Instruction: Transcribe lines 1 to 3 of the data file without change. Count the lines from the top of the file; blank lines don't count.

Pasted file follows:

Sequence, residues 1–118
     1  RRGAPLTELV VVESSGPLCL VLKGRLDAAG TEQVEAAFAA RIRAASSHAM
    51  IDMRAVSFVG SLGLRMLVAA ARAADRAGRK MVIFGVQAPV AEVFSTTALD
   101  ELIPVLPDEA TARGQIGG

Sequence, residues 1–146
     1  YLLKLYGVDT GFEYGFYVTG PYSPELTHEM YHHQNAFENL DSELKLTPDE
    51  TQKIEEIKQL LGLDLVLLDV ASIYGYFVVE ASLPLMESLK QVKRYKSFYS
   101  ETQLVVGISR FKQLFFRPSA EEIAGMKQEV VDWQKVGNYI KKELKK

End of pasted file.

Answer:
Sequence, residues 1–118
     1  RRGAPLTELV VVESSGPLCL VLKGRLDAAG TEQVEAAFAA RIRAASSHAM
    51  IDMRAVSFVG SLGLRMLVAA ARAADRAGRK MVIFGVQAPV AEVFSTTALD